Needless to say, I didn’t really have to deal with the negative backlash of the community. Once Kate and I split for good, I realized that most of my gay friends were really her gay friends. My core group of friends were straight, bisexual, or somewhere in between. And they were certainly not going to judge me for whatever the hell I was going through. After the break up, I finally felt free to explore the curiosity that was gnawing at me from the inside out. I needed a break from the whole gay scene, not to mention Kate and her friends, so I avoided the gay bars. I mean, it wasn’t hard; there are only 2 within an hour of my house. But that’s beside the point. I started doing what every newly single girl does; I went out with the ladies! I hit up the “straight” bars and clubs that I only went to on occasion before because there was nothing for me in them; I already had my girlfriend. I drank, danced, and actually started giving guys some of my attention. I was enjoying myself. I was still confused as all hell, but I liked meeting guys. Something that I felt was always missing in my relationship with Kate is what I call “feeling like a girl”. I can only describe this as a feeling you get inside when you’re with someone who makes you feel pretty, feminine, protected, and safe. Kate did nothing wrong; I just always felt like I had to have the more masculine energy and I didn’t like that. Now I was starting to get this feeling I craved by being out in the straight world.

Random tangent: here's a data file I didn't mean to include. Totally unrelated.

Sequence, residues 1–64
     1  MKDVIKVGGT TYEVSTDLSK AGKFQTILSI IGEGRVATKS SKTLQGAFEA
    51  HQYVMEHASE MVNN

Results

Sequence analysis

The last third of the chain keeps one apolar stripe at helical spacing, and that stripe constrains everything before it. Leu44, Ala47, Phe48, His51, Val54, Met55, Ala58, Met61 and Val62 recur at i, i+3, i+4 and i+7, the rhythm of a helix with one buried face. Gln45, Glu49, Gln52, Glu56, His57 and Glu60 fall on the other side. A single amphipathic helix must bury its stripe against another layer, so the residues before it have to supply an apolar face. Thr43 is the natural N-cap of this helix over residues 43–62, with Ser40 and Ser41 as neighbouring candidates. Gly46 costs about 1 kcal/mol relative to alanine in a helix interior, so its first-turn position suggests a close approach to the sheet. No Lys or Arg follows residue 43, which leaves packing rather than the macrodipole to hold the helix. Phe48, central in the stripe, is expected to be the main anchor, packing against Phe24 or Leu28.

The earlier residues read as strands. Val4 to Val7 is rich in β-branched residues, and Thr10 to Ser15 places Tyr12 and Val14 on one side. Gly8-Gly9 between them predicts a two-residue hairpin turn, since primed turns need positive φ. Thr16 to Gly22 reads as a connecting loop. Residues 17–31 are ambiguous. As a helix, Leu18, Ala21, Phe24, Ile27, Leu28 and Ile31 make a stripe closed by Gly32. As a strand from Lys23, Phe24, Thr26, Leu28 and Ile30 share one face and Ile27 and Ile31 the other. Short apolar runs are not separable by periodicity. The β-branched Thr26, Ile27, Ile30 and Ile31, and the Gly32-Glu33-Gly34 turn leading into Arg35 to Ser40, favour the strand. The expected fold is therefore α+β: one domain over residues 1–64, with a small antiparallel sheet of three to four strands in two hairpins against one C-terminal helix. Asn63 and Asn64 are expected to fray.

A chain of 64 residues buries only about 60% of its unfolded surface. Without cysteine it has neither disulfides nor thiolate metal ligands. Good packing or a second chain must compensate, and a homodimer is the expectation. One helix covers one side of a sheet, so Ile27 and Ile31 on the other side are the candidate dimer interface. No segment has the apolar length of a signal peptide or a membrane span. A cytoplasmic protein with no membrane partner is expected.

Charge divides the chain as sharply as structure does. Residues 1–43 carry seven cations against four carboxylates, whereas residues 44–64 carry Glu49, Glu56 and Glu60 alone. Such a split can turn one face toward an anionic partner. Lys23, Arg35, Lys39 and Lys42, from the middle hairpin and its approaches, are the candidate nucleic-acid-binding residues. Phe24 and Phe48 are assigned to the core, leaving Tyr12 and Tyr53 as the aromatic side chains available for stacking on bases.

As much as I was enjoying myself, there was still a huge amount of uncertainty and fear. But something else was weighing heavier on my mind: the fact that almost everyone I knew still referred to me as a lesbian. It’s not fair for me to be mad at them for doing so when they weren’t aware of the direction I was headed in. I didn’t want to go around telling everyone because, quite frankly, I didn’t know what the hell to tell them. I wasn’t ready to call myself bisexual because I wasn’t sure that I was. I was also afraid that people would think that the whole “lesbian” thing was just a phase. I mean, it was and it wasn’t. It wasn’t a phase in the way that the homophobes like to call being gay a phase. It’s not something I was just experimenting with or getting out of my system. No matter what gender I end up with, I will always be attracted to females. It was a phase, in the sense that that part of my life is on pause right now as I’m entering into a new phase, or chapter, of my life. I’m not sure where this will take me, but I do need to explore it.